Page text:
SteamWorld Dig by Image & Form

Anyone who follows me on Twitter will already be well aware of my love for SteamWorld Dig. Previously the best Nintendo 3DS you can buy, and now also one of the best PC games of 2013, this is a game that bottles up a little bit of Terraria, a dash of Metroid, and throws a lovely steampunk aesthetic over the top. steamworld dig.jpgIt's the flow of the game that really sets it apart. You dig deep, you find gems, you bring them back to the surface, you repeat. But the path that you create through this randomly-generated world remains in place, meaning that backtracking is regularly entertaining. As you begin to pick up special abilities (this is where the Metroid but comes into play), you'll be able to dig deeper and reach further. It's pretty remarkable how fantastic the level design is, given that 90 percent of the experience takes place amidst randomly-generated squares. It's the intrigue, too, that makes SteamWorld Dig such a memorable four or so hours. As you dig, you don't just encounter different colored crusts, or special blocks to dig -- there's an underlying story that revolves around why there are no humans around anymore that genuinely ties the experience together, and made me want to bang it all out in a single playthrough. Honestly, you just really need to play this without question.

Pokemon X & Y by Game Freak

I fell out with Pokemon several years back. I'm not sure exactly when it was, but it must have been around the time that you could take screenshots from two different Pokemon generations, and have no clue which game each screenshot came from (see also: Call of Duty, FIFA, etc). pokemon x y.jpgBut I always knew that I'd be back, because I knew that Game Freak would eventually deliver the Pokemon game I had been waiting for. Pokemon X & Y was this huge leap forward that I had in my head for the decade or so, and it once again ignited the part of my brain that had laid dormant for so long, filled with effectivity charts, move lists and general pocket monster tactics. Gone are the seriously outdated visuals and multiplayer capabilities -- in their place stands a glorious 3D Pokemon world, filled to the brim with places to visit and sights to see, and streamlined online components, wrapping up the most social Pokemon title to date. It was this realization of my own Pokemon dream -- a dream that has been swirling around in my brain for a rather long time -- which truly put a smile on my face. The fact that the game is exactly what I was hoping for is just the icing on the cake.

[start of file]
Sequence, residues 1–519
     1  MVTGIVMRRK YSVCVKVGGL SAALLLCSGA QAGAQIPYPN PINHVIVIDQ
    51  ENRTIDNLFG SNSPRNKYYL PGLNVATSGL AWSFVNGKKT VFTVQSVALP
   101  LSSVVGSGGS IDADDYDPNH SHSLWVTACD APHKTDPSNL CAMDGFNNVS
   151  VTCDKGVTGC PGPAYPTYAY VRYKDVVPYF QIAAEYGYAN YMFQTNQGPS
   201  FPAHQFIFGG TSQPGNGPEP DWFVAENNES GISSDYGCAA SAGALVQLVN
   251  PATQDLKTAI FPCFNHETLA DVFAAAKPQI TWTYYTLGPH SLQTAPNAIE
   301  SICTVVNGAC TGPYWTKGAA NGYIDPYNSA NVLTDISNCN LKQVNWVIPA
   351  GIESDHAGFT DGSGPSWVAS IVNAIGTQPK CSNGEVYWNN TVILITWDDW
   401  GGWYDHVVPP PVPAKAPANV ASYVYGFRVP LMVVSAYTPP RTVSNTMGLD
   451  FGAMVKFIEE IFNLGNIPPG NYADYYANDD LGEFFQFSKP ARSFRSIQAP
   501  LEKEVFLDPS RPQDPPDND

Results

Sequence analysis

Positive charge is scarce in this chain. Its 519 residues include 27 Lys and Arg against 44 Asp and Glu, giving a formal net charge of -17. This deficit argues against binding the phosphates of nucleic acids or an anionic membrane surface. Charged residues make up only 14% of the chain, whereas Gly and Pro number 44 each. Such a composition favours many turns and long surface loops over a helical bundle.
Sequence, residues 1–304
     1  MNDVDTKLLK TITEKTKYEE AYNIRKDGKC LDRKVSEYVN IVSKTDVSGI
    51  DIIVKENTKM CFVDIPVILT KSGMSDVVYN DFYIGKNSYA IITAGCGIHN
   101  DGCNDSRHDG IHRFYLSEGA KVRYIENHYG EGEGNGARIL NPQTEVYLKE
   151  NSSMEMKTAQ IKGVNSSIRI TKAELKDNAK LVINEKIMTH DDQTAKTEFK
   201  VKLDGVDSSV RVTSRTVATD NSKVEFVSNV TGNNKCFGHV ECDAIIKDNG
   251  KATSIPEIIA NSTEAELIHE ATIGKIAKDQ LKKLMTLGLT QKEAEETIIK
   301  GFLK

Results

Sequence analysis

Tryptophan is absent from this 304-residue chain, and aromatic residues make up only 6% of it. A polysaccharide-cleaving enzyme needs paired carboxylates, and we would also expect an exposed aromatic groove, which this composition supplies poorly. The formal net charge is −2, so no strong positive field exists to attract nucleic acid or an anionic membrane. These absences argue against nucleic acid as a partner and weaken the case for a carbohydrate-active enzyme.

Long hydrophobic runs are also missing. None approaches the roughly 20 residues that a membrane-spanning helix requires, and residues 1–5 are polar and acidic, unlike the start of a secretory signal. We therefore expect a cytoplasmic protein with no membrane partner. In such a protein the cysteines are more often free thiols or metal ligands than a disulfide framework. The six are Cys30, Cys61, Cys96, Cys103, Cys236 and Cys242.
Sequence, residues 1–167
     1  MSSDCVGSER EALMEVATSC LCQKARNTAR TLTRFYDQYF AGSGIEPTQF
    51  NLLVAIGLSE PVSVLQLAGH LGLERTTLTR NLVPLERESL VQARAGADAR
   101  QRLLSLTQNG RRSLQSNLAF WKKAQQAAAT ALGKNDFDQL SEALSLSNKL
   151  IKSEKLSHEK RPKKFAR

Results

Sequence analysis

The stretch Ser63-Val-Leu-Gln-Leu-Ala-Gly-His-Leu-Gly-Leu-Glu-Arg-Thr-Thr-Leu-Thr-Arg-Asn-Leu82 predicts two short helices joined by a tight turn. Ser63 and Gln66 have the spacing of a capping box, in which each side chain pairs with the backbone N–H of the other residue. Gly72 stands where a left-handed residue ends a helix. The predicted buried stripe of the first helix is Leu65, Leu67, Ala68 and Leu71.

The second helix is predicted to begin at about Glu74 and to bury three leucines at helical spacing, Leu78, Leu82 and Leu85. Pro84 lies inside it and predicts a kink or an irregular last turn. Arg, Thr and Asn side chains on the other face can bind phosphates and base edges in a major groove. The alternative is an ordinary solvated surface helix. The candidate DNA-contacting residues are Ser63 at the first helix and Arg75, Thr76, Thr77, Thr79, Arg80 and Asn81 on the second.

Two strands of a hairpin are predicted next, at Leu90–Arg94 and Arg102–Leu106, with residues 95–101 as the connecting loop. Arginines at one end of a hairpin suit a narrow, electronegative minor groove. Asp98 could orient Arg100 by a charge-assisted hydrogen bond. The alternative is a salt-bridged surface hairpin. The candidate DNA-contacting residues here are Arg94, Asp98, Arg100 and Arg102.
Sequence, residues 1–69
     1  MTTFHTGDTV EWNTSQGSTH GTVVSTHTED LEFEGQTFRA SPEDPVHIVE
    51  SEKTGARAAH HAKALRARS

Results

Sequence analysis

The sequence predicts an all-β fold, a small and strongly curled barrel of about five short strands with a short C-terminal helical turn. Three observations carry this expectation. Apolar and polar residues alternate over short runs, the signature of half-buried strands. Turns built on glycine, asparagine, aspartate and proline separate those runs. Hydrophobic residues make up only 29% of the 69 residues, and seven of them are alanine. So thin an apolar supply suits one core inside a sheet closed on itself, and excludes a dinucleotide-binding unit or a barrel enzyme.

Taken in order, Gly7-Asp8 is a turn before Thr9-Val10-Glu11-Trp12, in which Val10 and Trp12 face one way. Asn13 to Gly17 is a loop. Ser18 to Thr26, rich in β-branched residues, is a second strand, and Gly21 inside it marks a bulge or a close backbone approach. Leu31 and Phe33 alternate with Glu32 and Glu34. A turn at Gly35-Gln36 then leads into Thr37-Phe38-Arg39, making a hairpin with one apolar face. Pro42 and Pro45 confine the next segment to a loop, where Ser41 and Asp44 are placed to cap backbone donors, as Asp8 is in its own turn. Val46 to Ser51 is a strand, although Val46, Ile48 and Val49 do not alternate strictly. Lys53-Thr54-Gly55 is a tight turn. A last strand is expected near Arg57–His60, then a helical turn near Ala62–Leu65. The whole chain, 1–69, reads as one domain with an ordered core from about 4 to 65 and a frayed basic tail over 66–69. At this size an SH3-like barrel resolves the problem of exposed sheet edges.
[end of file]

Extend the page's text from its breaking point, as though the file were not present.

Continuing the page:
SpeedRunners by Double Dutch Games and tinyBuild Games

Am I allowed to include a Steam Early Access game? I don't care either way, because SpeedRunners has been my go-to multiplayer of 2013 by a long shot. The game started life as a local multiplayer Xbox Live Indie Game, and made its way to PC this year after numerous requests for an online multiplayer version. speedrunners.jpgSo what is it? Imagine the classic Micro Machines but in platforming form, and you're on the right track. Four players rush around a loop, leaping and bounding over and under obstacles, and using special abilities to knock each other off course. It's so simple, yet just so right, to the point where you can play the very same level over and over again for three hours straight, and never get bored. It's been fantastic following along with development of the game too. New levels, power-ups and ideas are thrown into the mix each week, while "themed weeks" pop up every now and again to shake the foundations of play. If you can find a bunch of friends to play with, it really is essential that you pick this up -- it's the best game of 2013 that you didn't play. Runners-up: Tomb Raider, The Last of Us and GTA V were all games that I really enjoyed -- loved, even -- but felt like they could have each benefitted from cutting out a good portion of the content. GTA V in particular had so many dull, run-of-the-mill hours of gameplay to balance out the utterly fantastic stuff. Meanwhile, Gunpoint very nearly made it into my top five (I just wish it was a tad longer!), while Luigi's Mansion 2 is quite possibly one of the most underrated games of the year. Then there's Brothers, which had plenty of moments of glory, and Rayman Legends, which had me smiling like a crazy person throughout (and includes the greatest level in any video game ever, 'Castle Rock'.) Check back for more of Gamasutra's staff picks over the course of the week! Read EIC Kris Graft's top 5 right here, blog director Christian Nutt's list here, and contributing editor Kris Ligman's list here.